• Dun and Bradstreet Universal Numbering System (DUNS) - All registrations require that applicants be issued a DUNS number. After obtaining a DUNS number, applicants can begin both SAM and eRA Commons registrations. The same DUNS number must be used for all registrations, as well as on the grant application.
  • System for Award Management (SAM) – Applicants must complete and maintain an active registration, which requires renewal at least annually. The renewal process may require as much time as the initial registration. SAM registration includes the assignment of a Commercial and Government Entity (CAGE) Code for domestic organizations which have not already been assigned a CAGE Code.
  • eRA Commons - Applicants must have an active DUNS number to register in eRA Commons. Organizations can register with the eRA Commons as they are working through their SAM or Grants.gov registration, but all registrations must be in place by time of submission. eRA Commons requires organizations to identify at least one Signing Official (SO) and at least one Program Director/Principal Investigator (PD/PI) account in order to submit an application.
  • Grants.gov – Applicants must have an active DUNS number and SAM registration in order to complete the Grants.gov registration.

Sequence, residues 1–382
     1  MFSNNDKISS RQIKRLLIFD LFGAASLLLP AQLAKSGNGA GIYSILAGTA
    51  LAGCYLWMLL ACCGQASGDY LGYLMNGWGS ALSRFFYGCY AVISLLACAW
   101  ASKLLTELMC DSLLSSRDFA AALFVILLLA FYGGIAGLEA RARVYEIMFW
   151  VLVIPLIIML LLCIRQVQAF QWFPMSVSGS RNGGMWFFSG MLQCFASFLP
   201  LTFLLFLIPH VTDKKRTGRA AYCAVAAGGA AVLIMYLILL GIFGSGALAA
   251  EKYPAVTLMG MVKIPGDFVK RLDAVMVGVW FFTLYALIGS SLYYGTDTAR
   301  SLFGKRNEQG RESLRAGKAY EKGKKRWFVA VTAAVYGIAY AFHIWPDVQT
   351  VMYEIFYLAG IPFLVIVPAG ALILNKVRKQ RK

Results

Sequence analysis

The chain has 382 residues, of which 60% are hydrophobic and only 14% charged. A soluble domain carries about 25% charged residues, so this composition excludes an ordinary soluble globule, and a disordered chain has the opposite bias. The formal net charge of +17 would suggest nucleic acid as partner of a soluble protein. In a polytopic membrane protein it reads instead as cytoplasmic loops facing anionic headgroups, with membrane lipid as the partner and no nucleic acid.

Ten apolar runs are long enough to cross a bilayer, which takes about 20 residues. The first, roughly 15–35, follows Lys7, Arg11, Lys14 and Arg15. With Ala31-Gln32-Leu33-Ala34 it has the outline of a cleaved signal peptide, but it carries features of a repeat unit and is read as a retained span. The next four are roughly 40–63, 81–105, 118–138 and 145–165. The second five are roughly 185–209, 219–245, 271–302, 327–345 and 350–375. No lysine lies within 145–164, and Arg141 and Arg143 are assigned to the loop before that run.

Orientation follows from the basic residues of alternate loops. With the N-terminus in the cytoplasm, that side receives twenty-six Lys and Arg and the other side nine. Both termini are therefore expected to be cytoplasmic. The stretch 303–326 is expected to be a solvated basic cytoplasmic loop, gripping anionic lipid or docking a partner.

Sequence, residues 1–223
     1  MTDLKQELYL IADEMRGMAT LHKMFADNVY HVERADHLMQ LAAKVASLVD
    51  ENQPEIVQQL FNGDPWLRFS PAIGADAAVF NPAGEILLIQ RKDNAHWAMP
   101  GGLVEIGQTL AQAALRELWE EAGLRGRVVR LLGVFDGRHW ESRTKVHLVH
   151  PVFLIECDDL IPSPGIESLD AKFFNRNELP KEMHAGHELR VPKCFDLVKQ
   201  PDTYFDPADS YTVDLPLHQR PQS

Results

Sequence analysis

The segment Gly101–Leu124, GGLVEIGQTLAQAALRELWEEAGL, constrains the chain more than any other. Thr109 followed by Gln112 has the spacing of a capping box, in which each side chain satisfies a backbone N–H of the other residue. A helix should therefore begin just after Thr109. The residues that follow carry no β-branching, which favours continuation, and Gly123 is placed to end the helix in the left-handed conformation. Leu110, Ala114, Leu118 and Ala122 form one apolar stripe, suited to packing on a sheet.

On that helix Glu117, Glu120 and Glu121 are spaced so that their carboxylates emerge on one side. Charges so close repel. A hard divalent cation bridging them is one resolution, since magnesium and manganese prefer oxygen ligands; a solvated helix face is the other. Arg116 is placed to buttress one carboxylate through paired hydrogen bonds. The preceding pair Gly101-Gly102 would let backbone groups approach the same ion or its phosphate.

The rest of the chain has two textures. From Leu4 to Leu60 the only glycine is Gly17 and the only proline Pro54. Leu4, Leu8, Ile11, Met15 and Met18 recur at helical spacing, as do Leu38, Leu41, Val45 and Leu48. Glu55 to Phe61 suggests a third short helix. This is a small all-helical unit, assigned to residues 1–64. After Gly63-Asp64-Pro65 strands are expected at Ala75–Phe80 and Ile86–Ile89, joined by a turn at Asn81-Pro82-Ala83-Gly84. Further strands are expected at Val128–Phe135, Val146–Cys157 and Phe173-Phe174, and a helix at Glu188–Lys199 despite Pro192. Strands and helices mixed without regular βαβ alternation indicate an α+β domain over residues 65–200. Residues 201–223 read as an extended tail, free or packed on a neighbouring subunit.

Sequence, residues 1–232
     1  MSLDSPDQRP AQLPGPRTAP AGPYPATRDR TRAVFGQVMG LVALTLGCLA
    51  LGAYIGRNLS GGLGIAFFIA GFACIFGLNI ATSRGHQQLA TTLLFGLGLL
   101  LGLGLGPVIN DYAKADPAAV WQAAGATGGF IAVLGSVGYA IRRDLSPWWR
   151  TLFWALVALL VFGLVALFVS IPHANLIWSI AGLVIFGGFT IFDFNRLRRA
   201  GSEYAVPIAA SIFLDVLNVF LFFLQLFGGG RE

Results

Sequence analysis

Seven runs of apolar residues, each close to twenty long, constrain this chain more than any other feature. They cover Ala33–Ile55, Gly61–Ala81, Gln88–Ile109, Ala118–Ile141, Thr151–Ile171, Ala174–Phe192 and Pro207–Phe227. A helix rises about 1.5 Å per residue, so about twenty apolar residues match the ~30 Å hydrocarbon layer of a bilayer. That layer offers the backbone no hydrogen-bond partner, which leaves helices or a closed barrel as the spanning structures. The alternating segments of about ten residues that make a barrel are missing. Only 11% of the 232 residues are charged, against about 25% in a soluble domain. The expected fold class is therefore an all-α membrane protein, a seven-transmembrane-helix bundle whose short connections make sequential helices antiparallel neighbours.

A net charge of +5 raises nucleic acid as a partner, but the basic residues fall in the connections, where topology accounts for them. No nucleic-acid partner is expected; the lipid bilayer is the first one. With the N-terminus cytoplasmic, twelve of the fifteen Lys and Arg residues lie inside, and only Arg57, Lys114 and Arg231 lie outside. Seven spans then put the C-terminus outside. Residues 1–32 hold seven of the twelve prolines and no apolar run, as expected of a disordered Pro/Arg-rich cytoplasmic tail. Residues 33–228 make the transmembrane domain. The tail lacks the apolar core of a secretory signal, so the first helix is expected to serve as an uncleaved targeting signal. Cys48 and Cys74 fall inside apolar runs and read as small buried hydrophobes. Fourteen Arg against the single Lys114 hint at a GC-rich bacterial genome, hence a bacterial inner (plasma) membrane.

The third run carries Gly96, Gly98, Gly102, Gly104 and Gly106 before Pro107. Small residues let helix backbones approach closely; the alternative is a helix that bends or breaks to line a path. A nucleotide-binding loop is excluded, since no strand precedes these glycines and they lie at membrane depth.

Program Directors/Principal Investigators (PD(s)/PI(s))

All PD(s)/PI(s) must have an eRA Commons account.  PD(s)/PI(s) should work with their organizational officials to either create a new account or to affiliate their existing account with the applicant organization in eRA Commons. If the PD/PI is also the organizational Signing Official, they must have two distinct eRA Commons accounts, one for each role. Obtaining an eRA Commons account can take up to 2 weeks.

Eligible Individuals (Program Director/Principal Investigator)

Any individual(s) with the skills, knowledge, and resources necessary to carry out the proposed research as the Program Director(s)/Principal Investigator(s) (PD(s)/PI(s)) is invited to work with his/her organization to develop an application for support. Individuals from underrepresented racial and ethnic groups as well as individuals with disabilities are always encouraged to apply for NIH support.